This scares me more than I can say.

Instead of lecturing about how essential to a civilized world I think gun control is, instead of marshaling preachy arguments about how guns enable unspeakable violence, I want to tell you a story about a girl, her dog, and a gun.

Obligatory content warning for gun violence.

But, first, a picture of a cat. She’s lovely, and I clearly fail a cat discipline because instead of shooing Isobel off the dining table, I went for the camera:

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Let’s say it’s 1994, November. There’s a girl and her dog. There’s also the girl’s father and his gun, one of two hunting rifles kept in the basement. The dog is old, and he’s been this girl’s friend for years.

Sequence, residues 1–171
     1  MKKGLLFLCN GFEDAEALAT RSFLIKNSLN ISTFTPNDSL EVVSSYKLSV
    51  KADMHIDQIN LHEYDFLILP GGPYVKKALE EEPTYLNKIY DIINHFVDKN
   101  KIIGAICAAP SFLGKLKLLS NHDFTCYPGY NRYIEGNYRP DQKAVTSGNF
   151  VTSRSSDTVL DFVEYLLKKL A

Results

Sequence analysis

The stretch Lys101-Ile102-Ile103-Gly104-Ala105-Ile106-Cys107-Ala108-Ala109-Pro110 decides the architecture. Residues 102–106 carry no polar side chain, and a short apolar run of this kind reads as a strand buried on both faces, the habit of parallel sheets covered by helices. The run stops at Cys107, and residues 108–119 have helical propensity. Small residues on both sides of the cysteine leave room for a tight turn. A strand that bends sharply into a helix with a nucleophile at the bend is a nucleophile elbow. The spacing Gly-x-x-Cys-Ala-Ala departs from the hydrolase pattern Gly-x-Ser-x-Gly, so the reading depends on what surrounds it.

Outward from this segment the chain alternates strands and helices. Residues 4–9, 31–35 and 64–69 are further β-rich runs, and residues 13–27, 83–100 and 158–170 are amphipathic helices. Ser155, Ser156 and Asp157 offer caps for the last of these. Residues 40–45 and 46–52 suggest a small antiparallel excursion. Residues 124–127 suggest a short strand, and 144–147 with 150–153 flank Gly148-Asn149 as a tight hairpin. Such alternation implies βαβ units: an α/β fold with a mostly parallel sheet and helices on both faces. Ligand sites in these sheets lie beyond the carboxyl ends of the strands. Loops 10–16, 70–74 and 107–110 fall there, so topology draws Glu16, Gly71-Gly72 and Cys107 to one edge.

Her father is working nearby. Maybe he’s changing the oil in the pickup. Maybe he’s tinkering with the tractor. Maybe he’s just sneaking a cigarette and a few minutes alone. Maybe (probably) he’s had a long, hard day.

The girl is petting the dog, not saying much because she doesn’t have to. She’s pretending her father isn’t nearby, that it’s just her and the dog, that she doesn’t have to be aware of every change in the feel of the air, that it’s not possible for things to shift from peaceful to not in one unpredictable second.

Until it does.

Something happens. Something is said and done. Even years later she’s never been sure exactly what was said. She’s pretty sure that, whatever it was, she forgets herself and answers back. Her father is suddenly looming over her, and she cowers. The dog stands between them, hackles raised. Her father smacks the dog away, hard.

The girl is pinned to the side of the barn.

Don’t move. Don’t even breathe.

He’s gone and back in seconds (she thinks). The dog is once again standing between her and him, but now the dog looks at her, big eyes and white muzzle. There’s a crack and a whimper. A twitch and another crack.

Don’t move. Don’t even breathe.

Later that night, once she’s unfrozen, she helps bury the dog on the edge of the wheat field.

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